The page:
“This kind of southeast or east/southeast wind we had is probably the easiest wind this golf course can have, but when it goes off the left side, which I think is forecasted, that's when you start getting more into the wind versus that kind of cross downwind,” said Spieth, who is tied for the lead with Xander Schauffele and Kevin Kisner at 9 under par after a 6-under 65. “It won't be the case tomorrow. It's going to be a meaty start, not to mention, obviously, the last few holes to finish.”

Carnoustie only gives so much and with winds predicted to gust to 25 mph there was a distinct feeling that playtime was over.

As melancholy as Spieth was about giving back the claret jug, and make no mistake, he wasn’t happy, not even his status among the leading contenders with a lap remaining was enough for him to ignore the sleeping giant.


Full-field scores from the 147th Open Championship

Full coverage of the 147th Open Championship


But then he’s come by his anxiousness honestly. Spieth has spent far too much time answering questions about an inexplicably balky putter the last few weeks and he hasn’t finished better than 21st since his “show” finish in April at the Masters.

After a refreshingly solid start to his week on Thursday imploded with a double bogey-bogey-par-bogey finish he appeared closer to an early ride home on Friday than he did another victory lap, but he slowly clawed his way back into the conversation as only he can with one clutch putt after the next.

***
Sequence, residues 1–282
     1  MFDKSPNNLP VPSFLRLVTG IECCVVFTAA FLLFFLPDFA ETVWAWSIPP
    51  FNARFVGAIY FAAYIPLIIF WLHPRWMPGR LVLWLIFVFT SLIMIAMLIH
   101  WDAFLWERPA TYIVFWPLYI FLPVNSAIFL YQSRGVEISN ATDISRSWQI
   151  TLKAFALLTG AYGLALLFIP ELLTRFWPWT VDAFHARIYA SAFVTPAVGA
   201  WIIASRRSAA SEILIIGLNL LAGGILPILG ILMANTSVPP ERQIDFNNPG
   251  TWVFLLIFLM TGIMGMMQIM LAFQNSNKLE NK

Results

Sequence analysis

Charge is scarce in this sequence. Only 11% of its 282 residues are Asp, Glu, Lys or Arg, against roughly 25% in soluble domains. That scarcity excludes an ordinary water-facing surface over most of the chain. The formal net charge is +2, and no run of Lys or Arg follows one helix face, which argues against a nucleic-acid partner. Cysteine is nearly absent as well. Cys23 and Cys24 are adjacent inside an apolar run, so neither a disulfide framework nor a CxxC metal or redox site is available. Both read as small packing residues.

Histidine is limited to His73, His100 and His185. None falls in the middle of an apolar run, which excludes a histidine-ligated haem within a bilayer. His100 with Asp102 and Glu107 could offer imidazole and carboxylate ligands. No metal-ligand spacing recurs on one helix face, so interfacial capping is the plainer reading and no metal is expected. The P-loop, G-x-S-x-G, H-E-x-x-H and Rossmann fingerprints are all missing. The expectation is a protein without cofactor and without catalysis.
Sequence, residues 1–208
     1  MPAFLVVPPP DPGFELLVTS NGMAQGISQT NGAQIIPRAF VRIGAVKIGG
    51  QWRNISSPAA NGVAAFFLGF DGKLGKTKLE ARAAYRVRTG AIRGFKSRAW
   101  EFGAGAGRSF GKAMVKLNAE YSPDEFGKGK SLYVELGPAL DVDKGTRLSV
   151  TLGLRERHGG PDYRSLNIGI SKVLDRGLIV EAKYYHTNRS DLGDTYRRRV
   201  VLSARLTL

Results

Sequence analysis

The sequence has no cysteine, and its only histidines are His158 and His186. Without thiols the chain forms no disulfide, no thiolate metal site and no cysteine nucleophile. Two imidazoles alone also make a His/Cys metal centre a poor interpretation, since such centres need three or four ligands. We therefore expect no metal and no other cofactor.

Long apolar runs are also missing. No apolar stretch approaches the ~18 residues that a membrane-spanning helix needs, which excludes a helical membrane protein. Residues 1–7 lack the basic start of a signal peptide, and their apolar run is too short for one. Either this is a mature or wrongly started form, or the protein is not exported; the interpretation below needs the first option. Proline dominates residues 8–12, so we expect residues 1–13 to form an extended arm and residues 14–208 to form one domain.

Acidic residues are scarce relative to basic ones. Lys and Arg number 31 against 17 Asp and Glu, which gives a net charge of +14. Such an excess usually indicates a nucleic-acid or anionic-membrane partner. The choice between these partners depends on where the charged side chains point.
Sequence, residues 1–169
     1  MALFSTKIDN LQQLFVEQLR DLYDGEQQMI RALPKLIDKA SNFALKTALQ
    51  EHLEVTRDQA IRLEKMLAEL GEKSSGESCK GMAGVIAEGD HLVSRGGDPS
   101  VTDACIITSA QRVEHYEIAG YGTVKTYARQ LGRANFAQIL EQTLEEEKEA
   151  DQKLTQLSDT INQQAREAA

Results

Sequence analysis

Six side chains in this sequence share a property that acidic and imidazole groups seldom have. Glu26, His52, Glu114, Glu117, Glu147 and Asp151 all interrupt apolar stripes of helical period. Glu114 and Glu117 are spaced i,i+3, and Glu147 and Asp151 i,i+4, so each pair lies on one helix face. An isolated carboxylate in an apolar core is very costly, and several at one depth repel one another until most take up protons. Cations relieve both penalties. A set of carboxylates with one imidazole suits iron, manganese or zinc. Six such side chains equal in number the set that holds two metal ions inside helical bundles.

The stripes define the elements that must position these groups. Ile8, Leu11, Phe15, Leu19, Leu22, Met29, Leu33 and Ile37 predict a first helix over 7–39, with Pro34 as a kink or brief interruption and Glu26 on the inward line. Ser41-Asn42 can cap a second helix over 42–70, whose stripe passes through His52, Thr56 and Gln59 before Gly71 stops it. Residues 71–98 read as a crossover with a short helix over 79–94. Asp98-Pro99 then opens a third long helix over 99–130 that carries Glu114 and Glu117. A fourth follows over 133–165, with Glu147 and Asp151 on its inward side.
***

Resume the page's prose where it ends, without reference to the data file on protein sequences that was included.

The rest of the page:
“I'm playing golf for me now. I've kind of got a cleared mind. I've made a lot of progress over the year that's been kind of an off year, a building year,” said Spieth, who is bogey-free over his last 36 holes. “And I've got an opportunity to make it a very memorable one with a round, but it's not necessary for me to prove anything for any reason.”

But if an awakened Carnoustie has Spieth’s attention, the collection of would-be champions assembled around and behind him adds another layer of intrigue.

Kisner, Spieth’s housemate this week on Angus coast, has led or shared the lead after each round this week and hasn’t shown any signs of fading like he did at last year’s PGA Championship, when he started the final round with a one-stroke lead only to close with a 74 to tie for seventh place.

“I haven't played it in that much wind. So I think it's going to be a true test, and we'll get to see really who's hitting it the best and playing the best tomorrow,” said Kisner, who added a 68 to his total on Day 3.

There’s no shortage of potential party crashers, from Justin Rose at 4 under after a round-of-the-week 64 to 2015 champion Zach Johnson, who also made himself at home with Spieth and Kisner in the annual Open frat house and is at 5 under.

Rory McIlroy, who is four years removed from winning his last major championship, looked like a player poised to get off the Grand Slam schneid for much of the day, moving to 7 under with a birdie at the 15th hole, but he played the last three holes in 2 over par and is tied with Johnson at 5 under par.